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In my opinion, PowerDNS gives more flexibility to a system administrator to deal with their DNS zones. Things such as having different backends, mixing dynamic and static answers are hard to archive with bind. In this post, I will write about how to put a Bind alike zone into PowerDNS. This will open possibilities to have some very cool features such as High Availability and Load Balancing through DNS protocol.

Configure your Domain

This is one I use, you will find it is pretty simple. And almost identical to a normal BIND zone.

$TTL 180
@ IN SOA ns1.inside-out.xyz. postmaster.inside-out.xyz. (
        2014080704 ; Serial Number (date YYYYMMDD++)
        86400 ; Refresh (24 hours)
        1800 ; Retry (1/2 hour)
        3600000 ; Expire (42 days)
        21600) ; Minimum (6 hours)
        IN NS ns1.inside-out.xyz.
        IN NS ns2.inside-out.xyz.
@       IN A 192.168.0.1
        IN MX 10 mail.inside-out.xyz.
        IN MX 12 mail2.inside-out.xyz.
        IN TXT "v=spf1 a mx ~all"
www     IN CNAME inside-out.xyz. 
mail    IN CNAME mail.okay.com.mx.
ns1     IN A 8.8.8.8 
ns2     IN A 8.8.4.4
host1   IN A 192.168.7.1
host2   IN A 192.168.7.2

Some important fields are:

  • The SOA line, ns1.inside-out.xyz is the first DNS server, regardless if you have more than one.
  • The SOA line, postmaster.inside-out.xyzp comes from email This email address is being protected from spambots. You need JavaScript enabled to view it.. You substitute the @ by a dot. It is the system administrator email.
  • The NS lines, ns1 and ns2 are the domain servers. The order it is not important.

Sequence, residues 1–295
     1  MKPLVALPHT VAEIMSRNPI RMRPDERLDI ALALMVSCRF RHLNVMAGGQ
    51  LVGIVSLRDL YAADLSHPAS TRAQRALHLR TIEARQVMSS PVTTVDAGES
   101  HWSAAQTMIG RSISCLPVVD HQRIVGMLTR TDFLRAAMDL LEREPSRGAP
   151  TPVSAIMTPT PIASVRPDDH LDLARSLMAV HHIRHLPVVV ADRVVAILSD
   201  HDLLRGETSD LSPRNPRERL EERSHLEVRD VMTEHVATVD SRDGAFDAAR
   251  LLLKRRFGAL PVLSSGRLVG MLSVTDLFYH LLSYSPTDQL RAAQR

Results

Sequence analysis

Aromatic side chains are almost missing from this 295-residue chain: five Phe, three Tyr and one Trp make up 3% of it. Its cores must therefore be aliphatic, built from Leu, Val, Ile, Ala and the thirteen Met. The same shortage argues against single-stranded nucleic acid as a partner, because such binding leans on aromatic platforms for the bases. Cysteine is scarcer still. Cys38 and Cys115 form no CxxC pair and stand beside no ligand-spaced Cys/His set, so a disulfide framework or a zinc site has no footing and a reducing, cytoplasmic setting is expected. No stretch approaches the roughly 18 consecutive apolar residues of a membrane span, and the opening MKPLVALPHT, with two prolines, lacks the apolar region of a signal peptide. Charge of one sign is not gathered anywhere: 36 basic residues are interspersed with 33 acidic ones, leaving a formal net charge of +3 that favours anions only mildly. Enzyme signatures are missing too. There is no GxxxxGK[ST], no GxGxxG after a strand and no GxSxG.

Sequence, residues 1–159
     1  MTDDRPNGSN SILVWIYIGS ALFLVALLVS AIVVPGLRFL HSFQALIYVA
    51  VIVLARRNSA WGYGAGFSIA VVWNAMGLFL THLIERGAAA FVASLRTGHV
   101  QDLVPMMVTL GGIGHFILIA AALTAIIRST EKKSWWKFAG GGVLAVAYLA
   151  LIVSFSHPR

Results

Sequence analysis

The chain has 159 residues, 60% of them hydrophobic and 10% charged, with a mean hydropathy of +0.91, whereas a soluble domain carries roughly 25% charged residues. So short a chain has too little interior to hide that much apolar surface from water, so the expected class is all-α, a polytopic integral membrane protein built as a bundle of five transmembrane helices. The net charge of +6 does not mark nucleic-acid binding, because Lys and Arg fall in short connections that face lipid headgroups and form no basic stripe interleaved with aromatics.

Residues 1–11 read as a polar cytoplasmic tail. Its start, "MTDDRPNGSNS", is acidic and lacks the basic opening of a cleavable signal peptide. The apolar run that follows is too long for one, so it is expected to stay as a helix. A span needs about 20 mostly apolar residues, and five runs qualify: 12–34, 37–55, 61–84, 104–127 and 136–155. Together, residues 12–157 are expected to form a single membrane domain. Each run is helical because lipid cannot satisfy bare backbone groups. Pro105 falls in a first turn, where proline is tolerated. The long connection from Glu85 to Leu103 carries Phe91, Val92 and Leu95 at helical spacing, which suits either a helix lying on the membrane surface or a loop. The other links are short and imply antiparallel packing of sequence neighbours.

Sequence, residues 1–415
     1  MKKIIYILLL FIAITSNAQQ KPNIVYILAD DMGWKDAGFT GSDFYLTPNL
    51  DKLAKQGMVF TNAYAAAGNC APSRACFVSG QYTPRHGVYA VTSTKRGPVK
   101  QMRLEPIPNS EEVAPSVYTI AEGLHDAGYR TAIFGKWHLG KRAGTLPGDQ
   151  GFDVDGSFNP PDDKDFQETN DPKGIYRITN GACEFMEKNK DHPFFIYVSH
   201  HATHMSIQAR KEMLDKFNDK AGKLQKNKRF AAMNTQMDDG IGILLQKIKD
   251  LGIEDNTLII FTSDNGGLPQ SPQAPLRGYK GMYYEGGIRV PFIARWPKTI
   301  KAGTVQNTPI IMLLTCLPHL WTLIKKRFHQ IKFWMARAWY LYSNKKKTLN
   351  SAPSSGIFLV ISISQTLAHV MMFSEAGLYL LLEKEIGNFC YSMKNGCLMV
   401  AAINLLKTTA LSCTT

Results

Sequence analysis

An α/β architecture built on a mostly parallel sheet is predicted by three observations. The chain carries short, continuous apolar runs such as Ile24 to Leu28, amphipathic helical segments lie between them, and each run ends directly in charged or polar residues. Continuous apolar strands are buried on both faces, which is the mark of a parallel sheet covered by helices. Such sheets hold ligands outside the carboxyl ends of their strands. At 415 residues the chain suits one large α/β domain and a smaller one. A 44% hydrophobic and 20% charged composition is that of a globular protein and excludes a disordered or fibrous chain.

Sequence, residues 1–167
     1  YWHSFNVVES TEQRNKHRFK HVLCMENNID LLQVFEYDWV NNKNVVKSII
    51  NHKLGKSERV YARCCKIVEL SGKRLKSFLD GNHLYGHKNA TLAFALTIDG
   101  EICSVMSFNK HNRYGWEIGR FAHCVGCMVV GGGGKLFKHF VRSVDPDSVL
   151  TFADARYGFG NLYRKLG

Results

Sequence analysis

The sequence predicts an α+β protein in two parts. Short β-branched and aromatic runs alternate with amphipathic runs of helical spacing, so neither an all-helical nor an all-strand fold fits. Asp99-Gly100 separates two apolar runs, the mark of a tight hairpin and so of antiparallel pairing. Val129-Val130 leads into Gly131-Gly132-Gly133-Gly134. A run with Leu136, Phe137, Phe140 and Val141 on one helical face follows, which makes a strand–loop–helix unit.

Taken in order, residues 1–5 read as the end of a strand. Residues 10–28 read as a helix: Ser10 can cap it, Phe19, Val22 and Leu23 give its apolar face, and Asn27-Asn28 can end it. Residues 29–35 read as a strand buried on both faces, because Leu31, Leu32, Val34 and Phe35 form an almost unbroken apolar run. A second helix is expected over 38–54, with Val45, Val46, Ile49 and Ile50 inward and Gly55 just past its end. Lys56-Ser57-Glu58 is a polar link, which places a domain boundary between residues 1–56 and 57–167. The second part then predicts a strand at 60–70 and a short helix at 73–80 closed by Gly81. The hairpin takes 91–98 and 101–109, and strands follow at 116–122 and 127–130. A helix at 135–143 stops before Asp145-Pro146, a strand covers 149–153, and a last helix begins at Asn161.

• The MX lines, mail and amil2 specify the servers where the email will arrive. 
  • If you end a fqdn with a dot, it means it is the absolute name. Otherwise, the domain server will add the current domain name to it.

Save this file on your server, you will need it in the following steps. I will put it in /etc/pdns/inside-out.xyz as a reference in this example.

Next is to create a manifesto file, just like you were using Bind. In my case, I created like this:

zone "inside-out.xyz" { type master; file "/etc/pdns/inside-out.xyz"; };

Save this file, for example at /etc/pdns/bind.conf

Tell PowerDNS to use your Bind Zone

You need to edit your pdns.conf file, edit or add the following lines:

launch=bind
bind-config=/etc/pdns/bind.conf
bind-check-interval=300

Important notes are:

  • launch tells to use the bind backend
  • bind-config tells where the manifesto is
  • bind-check-interval tells to check the zones each 300 seconds, if you do a change you don't need to restart PowerDNS, you just wait for the next refresh 

If you need more control, you can read the full list of PowerDNS Bind backend parameters documentation.

Good Luck!

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